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INTRODUCTION: Clinical and laboratory studies demonstrate that placebo and nocebo effects influence various symptoms and conditions after the administration of both inert and active treatments. OBJECTIVE: There is an increasing need for up-to-date recommendations on how to inform patients about placebo and nocebo effects in clinical practice and train clinicians how to disclose this information. METHODS: Based on previous clinical recommendations concerning placebo and nocebo effects, a 3-step, invitation-only Delphi study was conducted among an interdisciplinary group of internationally recognized experts. The study consisted of open- and closed-ended survey questions followed by a final expert meeting. The surveys were subdivided into 3 parts: (1) informing patients about placebo effects, (2) informing patients about nocebo effects, and (3) training clinicians how to communicate this information to the patients. RESULTS: There was consensus that communicating general information about placebo and nocebo effects to patients (e.g., explaining their role in treatment) could be beneficial, but that such information needs to be adjusted to match the specific clinical context (e.g., condition and treatment). Experts also agreed that training clinicians to communicate about placebo and nocebo effects should be a regular and integrated part of medical education that makes use of multiple formats, including face-to-face and online modalities. CONCLUSIONS: The current 3-step Delphi study provides consensus-based recommendations and practical considerations for disclosures about placebo and nocebo effects in clinical practice. Future research is needed on how to optimally tailor information to specific clinical conditions and patients' needs, and on developing standardized disclosure training modules for clinicians.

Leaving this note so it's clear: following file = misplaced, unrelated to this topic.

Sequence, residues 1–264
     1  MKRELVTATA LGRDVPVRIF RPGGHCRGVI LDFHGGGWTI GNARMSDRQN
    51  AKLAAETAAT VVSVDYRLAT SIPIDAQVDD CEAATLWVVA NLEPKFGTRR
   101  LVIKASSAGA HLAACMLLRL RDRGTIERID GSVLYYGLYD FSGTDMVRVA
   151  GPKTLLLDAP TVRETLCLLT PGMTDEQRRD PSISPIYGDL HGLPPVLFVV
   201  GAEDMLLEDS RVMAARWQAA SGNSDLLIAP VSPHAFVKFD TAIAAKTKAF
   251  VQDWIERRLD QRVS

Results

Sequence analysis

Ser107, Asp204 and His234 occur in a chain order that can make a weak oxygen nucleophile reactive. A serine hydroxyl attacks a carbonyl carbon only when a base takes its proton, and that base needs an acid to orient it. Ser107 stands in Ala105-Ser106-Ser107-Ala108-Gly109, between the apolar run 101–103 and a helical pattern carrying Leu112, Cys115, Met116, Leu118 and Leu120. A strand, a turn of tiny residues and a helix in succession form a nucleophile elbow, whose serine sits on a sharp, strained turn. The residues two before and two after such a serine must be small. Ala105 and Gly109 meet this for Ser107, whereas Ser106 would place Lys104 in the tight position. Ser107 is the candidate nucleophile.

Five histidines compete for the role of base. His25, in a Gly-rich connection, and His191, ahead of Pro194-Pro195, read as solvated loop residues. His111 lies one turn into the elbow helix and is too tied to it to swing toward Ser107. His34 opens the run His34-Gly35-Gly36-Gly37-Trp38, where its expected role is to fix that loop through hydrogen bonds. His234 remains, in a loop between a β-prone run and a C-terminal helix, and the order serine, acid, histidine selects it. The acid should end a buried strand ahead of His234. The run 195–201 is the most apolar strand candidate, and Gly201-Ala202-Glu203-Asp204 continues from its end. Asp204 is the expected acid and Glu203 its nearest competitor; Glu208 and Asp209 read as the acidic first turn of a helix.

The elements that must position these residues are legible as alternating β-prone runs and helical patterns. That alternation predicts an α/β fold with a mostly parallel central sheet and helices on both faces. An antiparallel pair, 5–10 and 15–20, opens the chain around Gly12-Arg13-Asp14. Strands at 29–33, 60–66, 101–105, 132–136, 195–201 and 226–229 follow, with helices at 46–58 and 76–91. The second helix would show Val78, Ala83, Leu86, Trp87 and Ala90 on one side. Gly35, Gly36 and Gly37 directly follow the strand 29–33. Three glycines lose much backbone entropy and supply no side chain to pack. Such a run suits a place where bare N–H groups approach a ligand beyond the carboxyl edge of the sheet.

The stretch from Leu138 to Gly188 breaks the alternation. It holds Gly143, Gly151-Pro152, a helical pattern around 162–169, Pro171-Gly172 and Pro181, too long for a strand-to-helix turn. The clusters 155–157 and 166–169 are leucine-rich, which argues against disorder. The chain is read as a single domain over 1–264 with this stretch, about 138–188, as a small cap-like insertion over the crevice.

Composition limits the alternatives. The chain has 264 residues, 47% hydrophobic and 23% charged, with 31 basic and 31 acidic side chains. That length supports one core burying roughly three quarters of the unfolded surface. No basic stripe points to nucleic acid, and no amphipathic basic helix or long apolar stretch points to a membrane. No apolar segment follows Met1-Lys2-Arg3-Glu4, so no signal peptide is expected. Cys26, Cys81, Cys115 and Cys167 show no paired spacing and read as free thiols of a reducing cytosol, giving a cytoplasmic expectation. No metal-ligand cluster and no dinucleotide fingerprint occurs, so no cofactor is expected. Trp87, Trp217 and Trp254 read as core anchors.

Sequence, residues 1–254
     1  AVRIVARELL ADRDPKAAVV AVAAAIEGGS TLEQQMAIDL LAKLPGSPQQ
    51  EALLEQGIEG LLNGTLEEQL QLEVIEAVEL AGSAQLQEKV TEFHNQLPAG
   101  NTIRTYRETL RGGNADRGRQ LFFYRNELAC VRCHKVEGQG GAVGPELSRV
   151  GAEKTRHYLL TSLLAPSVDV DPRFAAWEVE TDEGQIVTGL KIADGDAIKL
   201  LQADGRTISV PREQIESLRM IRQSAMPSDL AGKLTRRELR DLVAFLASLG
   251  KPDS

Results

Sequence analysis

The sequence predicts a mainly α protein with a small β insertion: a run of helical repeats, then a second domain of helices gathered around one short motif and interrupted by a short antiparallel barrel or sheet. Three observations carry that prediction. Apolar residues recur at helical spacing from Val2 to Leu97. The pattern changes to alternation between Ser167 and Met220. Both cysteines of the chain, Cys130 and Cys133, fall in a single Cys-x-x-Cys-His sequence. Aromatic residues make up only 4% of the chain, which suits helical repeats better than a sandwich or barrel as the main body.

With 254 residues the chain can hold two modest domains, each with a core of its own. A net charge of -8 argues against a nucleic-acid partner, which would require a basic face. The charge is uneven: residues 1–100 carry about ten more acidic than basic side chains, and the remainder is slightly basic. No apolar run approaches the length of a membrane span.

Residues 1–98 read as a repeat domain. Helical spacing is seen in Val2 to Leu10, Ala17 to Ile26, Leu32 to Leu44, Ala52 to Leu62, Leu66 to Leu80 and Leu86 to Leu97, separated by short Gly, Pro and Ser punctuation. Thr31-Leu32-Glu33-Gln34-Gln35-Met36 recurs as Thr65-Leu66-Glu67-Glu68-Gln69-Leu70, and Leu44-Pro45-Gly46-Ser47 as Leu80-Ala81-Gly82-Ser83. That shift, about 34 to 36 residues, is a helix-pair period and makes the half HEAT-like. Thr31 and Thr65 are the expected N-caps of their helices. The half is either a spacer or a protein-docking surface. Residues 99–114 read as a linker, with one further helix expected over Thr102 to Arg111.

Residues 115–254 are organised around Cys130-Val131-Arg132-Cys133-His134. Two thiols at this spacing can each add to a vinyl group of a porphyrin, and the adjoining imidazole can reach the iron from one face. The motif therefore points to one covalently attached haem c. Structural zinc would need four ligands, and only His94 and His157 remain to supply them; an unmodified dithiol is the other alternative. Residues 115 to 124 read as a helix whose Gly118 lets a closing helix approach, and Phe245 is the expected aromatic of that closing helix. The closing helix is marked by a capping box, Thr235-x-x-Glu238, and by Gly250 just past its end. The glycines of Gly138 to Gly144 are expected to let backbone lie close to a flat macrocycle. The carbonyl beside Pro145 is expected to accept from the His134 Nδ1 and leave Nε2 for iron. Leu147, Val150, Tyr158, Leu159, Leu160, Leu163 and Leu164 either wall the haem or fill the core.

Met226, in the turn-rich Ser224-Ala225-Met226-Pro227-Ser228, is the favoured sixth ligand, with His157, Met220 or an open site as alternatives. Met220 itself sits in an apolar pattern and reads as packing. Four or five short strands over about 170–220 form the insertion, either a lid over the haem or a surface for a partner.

Original publication

DOI

10.1159/000510738

Type

Journal article

Journal

Psychother Psychosom

Publication Date

19/10/2020

Pages

1 - 8

Keywords

Disclosure, Expert consensus, Nocebo effects, Patient-clinician communication, Placebo effects